By Charles M. Sennott
BOSTON - The Spanish master Francisco Goya painted 200 years ago at a time not unlike the age of disruption, revolution, barbarity and torture that defined the year 2014.
The last 12 months have presented a descending darkness amid streaks of piercing light that feels straight out of one of Goya's canvases. Painting in the late 18th and early 19th centuries, Goya captured the tumult of the invasion and occupation of Spain by Napoleonic forces. He created searing scenes that seem strikingly relevant in 2014 as we look back on a year of darkness and light.
The darkness: ISIS and Boko Haram brought us to new depths while Russian President Vladimir Putin seems intent on returning Russia to the gray twilight of a retro, Cold War dictatorship.
The light: An agreement on climate change with China, a diplomatic opening with Cuba, immigration reform and an economic recovery that seems to be holding steady.
Framing the darkness and the light of 2014 was a wider struggle between the forces of "order" and "disorder." It's a dividing line between those governed by inclusive democracies and the ungoverned, where militias, tribes and extremists make up their own rules within failed states.
This idea of "order" versus "disorder" was even a theme of a series of columns by the New York Times' Thomas Friedman over the summer.
But Goya was way ahead of Friedman in helping us understand the moment in which we live. Indeed, the current exhibit at the Museum of Fine Arts in Boston, which frames the painter's life and his work, is even titled "Order and Disorder."
And Goya's work, particularly his fascination with 'disorder' and the fear and sorrow it engenders in everyday people, offers a prescient way to calibrate our own response to the 2014 news cycle.
The self-proclaimed Islamic State in Iraq and Syria (ISIS) brought us "disorder" and darkness with grotesque images of brutality. This year, ISIS came to embody the complex challenges that lie ahead for the US military as it tries to decode the dangers of rising Islamic militancy.
The year 2014 will also be remembered for the horrors of Nigeria's Boko Haram, in taking nearly 300 schoolgirls hostage, and the ghastly attack by the Pakistani Taliban on an army-run boys' school in Peshawar, which killed 132 children. And it will be remembered for the more invisible, antiseptic barbarity revealed by the US Senate Select Committee's investigation into the use of torture by the CIA.
For those of us at GlobalPost and The GroundTruth Project, 2014 will be remembered with great sadness as the year we saw our friend and colleague James Foley murdered by ISIS. He, along with two other American freelance journalists, was held at knife point by an ISIS leader and then decapitated while cameras rolled. These barbaric attacks were beamed out across the World Wide Web as some kind of perverse social networking, recruitment tool for ISIS.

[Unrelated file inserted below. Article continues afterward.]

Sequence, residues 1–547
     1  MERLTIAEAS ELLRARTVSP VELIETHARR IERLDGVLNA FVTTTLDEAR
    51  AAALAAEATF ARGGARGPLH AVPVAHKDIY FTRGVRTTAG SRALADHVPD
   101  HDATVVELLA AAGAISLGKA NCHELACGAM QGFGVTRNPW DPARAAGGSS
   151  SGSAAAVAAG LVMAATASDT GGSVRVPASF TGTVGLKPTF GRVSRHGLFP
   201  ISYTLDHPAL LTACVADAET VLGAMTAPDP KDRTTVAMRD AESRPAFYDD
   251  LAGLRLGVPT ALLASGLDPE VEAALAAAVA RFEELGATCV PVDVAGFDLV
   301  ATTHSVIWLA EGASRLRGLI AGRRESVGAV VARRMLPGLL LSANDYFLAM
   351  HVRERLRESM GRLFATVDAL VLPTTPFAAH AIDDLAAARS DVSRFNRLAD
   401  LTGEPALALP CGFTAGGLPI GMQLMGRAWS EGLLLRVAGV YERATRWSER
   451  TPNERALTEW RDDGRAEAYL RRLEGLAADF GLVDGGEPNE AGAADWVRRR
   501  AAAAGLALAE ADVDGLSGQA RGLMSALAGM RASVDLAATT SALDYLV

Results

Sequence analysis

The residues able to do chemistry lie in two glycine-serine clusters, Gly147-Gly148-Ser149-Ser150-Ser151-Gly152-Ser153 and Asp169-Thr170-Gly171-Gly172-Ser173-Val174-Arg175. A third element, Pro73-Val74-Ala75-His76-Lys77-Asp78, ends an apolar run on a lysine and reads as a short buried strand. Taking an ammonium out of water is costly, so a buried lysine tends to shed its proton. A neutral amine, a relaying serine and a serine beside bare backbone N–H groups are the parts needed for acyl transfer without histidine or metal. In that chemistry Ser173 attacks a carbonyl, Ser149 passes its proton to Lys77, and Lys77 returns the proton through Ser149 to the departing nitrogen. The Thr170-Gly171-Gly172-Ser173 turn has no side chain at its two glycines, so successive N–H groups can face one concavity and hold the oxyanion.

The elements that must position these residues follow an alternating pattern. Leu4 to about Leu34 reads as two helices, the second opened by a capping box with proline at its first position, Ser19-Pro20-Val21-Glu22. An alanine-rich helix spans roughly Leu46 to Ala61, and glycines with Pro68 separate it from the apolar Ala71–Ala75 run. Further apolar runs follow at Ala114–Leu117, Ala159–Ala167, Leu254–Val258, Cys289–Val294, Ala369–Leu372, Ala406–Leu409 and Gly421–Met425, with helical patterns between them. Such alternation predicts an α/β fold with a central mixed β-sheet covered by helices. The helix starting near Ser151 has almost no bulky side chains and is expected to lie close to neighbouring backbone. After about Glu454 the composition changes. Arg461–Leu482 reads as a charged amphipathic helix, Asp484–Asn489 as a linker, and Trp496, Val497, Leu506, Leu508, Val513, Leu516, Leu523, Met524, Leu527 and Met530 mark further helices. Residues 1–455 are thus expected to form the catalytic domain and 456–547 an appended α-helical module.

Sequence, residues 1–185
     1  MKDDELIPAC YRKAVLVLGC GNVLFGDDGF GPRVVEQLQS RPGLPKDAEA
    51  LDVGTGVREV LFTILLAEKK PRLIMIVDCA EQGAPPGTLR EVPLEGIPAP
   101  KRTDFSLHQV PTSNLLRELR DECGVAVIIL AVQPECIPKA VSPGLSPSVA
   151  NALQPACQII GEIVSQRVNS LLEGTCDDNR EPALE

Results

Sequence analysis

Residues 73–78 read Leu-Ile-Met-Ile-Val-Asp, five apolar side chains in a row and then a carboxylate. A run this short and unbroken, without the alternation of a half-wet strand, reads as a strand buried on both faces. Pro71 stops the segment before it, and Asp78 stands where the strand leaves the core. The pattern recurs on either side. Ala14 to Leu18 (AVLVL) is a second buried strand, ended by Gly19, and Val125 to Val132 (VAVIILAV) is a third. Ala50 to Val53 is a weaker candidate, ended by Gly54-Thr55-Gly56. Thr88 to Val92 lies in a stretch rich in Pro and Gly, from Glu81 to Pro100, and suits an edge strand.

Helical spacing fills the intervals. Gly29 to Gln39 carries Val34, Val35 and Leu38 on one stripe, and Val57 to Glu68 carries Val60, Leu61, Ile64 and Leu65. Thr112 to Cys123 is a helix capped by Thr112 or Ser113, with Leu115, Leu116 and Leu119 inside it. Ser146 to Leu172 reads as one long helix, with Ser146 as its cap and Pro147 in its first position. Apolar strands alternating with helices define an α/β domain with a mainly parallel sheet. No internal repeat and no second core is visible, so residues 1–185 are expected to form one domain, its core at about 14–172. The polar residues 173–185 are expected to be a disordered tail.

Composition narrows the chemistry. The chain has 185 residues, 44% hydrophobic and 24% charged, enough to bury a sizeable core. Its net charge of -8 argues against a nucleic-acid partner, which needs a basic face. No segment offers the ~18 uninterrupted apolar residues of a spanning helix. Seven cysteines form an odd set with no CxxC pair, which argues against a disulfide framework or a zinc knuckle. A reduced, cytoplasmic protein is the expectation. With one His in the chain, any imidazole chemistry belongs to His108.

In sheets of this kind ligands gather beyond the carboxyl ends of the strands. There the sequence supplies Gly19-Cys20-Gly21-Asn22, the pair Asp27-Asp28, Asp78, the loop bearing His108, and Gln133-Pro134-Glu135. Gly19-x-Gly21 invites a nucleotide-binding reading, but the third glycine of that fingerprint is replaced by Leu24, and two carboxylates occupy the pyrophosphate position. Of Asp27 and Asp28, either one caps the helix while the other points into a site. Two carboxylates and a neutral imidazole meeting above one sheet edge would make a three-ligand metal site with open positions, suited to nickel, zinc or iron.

This year will be remembered as a time when retro Cold War tensions came back into fashion, when Russian President Vladimir Putin decided to go from corrupt authoritarian to outright dictatorship, stumbling forward into the new year like one of Goya's frightening giants that stomp across the landscape.
It will also be recorded as a year when the forces of "order" failed in diplomacy. Secretary of State John Kerry dedicated himself to an extraordinary but ultimately fruitless effort to reach a break through in the deadlocked Israeli-Palestinian negotiations and in talks on Iran's nuclear program. Instead of progress, Iran walked away for a pause in talks and the Israelis and Palestinians watched as the conflict reached a new depth of tribalism and barbarity.
But for every hue of darkness there was in 2014, there seemed to come a contrasting streak of light trying to shine through.
President Obama announced an agreement with China to reduce greenhouse gasses. He announced an immigration reform package that seems to be rationalizing the US borders. And he set diplomatic relations with Cuba on a path to normalization after 50 years of a blockade that did little to effect any change for the people of Cuba. And through all of these positive developments, the economy also showed signs of flickering to life.
Back in 1808, Goya was seeing the same shades of darkness, and he was also searching for bands of light. He was witnessing the violent Spanish insurrection against occupation by Napoleonic forces. And he lived through the desperate famine that followed and sketched the thin faces of suffering.
Those experiences led to Goya's searing indictment of war and its horrors, captured in a collection of etchings that came to be called "The Disasters of War."
Through those years, Goya was a practitioner of "ground truth." One etching of women and children frozen in fear as they fled the onslaught of approaching troops, was succinctly titled: "Yo lo vi." Or, "I saw this."
These images of violence that Goya saw firsthand inspired his depictions of clumsy and ominous giants that stumble across war-torn landscapes.
Gruesome scenes of writhing bodies with severed heads and perversely detailed images of torture seem vivid commentaries on today.
After a visit to see Goya's work at the Prado Museum in Madrid, the legendary art critic Bernard Berenson remarked, "Here in Goya is the beginning of our modern anarchy."
And now, it seems, that anarchy is upon us.
But it is worth noting that the exhibit in Boston concludes with one of Goya's later works, the "Last Communion of Saint Joseph of Calasanz." The oil on canvas depicts an image of redemption for its subject, revealed through a beam of light that streaks down through the darkness.